Storrs — Even as the University of Connecticut gears up to investigate charges of sexual misconduct against one of its faculty, the Board of Trustees unanimously adopted a new policy Wednesday banning romantic relationships between teachers and undergraduates.
The policy, which university officials insist only strengthens long-existing efforts to discourage inappropriate relationships, also restricts certain connections between faculty and graduate students, and between supervisory staff and subordinates.
“We wanted to send a clear message that students are here to learn, people are here to work,” UConn Associate Vice President Elizabeth Conklin, who heads the university’s diversity office and who helped develop the new policy over the past year, said after the meeting.
The policy specifically prohibits romantic relationships between:
- Faculty and undergraduate students;
- Faculty and graduate students if a faculty member is an adviser, teacher, or otherwise holds some position of authority over the student in question;
- UConn employees if one is a supervisor or holds a position of authority over another.
Conklin added that UConn has long had a policy that discourages these types of relationships, but that it became clear that a strong restriction was needed.
The new policy comes two months after university officials barred the former head of its music department, professor Robert Miller, from the campus amid charges of sexual misconduct.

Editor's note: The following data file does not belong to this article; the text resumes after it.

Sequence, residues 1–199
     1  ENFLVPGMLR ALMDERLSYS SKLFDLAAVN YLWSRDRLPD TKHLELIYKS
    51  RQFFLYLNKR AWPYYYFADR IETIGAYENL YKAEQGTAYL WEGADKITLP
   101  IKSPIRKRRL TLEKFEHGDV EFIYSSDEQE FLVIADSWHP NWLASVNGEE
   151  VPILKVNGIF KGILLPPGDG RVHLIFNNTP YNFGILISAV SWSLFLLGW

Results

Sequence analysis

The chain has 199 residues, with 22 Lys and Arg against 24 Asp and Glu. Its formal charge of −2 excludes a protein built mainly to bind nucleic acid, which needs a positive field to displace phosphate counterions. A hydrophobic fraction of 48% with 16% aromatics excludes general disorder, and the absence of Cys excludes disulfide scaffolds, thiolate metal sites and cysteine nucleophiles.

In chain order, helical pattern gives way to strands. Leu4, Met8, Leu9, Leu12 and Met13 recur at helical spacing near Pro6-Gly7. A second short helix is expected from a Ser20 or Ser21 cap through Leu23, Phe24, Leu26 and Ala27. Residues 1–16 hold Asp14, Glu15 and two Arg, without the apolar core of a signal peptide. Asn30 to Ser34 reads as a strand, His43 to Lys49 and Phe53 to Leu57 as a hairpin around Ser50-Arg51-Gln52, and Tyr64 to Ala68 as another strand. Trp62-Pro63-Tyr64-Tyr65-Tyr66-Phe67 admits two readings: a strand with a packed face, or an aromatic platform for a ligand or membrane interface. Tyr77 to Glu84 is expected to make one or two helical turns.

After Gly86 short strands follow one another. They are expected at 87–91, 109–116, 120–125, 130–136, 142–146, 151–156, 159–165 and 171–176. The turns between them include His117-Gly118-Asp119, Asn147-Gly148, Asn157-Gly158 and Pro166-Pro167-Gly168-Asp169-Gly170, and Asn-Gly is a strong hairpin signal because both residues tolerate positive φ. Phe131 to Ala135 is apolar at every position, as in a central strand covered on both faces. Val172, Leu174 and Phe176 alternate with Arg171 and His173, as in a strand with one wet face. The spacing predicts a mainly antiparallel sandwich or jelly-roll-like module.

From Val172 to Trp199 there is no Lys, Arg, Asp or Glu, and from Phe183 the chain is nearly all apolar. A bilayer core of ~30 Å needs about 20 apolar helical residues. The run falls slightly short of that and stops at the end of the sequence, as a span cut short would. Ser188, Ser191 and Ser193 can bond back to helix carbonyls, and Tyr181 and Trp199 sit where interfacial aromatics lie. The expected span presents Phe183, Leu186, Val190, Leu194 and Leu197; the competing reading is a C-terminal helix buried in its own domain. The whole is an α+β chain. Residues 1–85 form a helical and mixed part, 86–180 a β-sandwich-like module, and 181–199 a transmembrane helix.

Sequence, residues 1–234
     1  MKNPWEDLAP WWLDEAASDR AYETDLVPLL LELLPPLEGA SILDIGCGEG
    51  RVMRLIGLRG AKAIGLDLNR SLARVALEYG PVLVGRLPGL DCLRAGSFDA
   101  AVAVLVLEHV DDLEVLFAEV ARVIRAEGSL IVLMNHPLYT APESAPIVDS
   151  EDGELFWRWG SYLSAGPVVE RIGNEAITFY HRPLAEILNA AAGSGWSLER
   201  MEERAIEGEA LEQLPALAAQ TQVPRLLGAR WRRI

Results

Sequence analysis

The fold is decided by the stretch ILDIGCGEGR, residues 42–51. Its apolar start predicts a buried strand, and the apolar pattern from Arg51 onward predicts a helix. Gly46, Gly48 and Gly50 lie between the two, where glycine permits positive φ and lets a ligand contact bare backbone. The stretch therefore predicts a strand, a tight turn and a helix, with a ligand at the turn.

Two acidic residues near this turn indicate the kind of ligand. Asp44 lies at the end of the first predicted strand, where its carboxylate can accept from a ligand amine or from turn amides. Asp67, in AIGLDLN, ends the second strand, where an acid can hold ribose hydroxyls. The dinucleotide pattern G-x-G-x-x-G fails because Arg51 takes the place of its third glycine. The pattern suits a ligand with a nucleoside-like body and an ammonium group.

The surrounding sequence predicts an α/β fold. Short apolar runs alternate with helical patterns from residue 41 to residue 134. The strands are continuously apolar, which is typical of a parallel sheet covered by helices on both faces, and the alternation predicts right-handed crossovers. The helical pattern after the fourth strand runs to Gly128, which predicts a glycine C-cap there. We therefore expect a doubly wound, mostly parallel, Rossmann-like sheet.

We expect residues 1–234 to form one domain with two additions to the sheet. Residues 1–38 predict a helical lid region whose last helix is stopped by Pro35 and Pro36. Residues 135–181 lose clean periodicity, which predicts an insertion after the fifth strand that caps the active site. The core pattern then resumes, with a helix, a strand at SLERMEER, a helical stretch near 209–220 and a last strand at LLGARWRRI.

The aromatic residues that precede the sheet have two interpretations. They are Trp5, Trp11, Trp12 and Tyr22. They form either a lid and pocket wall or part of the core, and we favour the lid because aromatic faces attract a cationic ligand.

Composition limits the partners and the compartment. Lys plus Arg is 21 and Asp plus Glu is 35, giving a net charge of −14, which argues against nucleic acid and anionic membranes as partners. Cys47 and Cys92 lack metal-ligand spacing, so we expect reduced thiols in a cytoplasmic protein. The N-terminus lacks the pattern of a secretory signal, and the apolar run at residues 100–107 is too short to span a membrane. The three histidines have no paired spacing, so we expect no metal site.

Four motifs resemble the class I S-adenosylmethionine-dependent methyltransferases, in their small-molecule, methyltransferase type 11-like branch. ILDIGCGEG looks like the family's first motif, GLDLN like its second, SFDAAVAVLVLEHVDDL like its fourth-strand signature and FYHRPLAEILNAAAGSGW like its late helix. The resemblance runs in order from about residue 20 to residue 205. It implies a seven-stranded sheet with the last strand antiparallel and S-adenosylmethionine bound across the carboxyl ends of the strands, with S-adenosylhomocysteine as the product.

Larry McHugh, chairman of the Board of Trustees, said Wednesday that the university also confiscated Miller’s computer equipment and placed him on administrative leave with pay.
According to Richard F. Orr, UConn’s general counsel and chief legal officer, four separate investigations into Miller’s conduct and the university’s response to it, are under way, or will be shortly.
UConn police and other law enforcement agencies are investigating the allegations of sexual misconduct.
The university’s anti-discrimination coordinator must conduct a review in compliance with federal rules set forth under Title IX of the U.S. Civil Rights Act.
Orr’s office is conducting its own review of any violations of UConn personnel rules.
And state Attorney General George Jepsen’s office and the university are cooperating in searching for outside legal counsel to conduct an independent investigation, both into Miller’s behavior as well as into how university staff responded to any allegations related to it.
According to Jepsen’s office, allegations of misconduct involving Miller and minor children were brought to UConn officials between 2006 and 2011.
Orr said he is “cautiously optimistic” that an independent counsel to conduct this final investigation could be selected by the end of August. The state has received 28 responses since it first sought legal assistance, he said.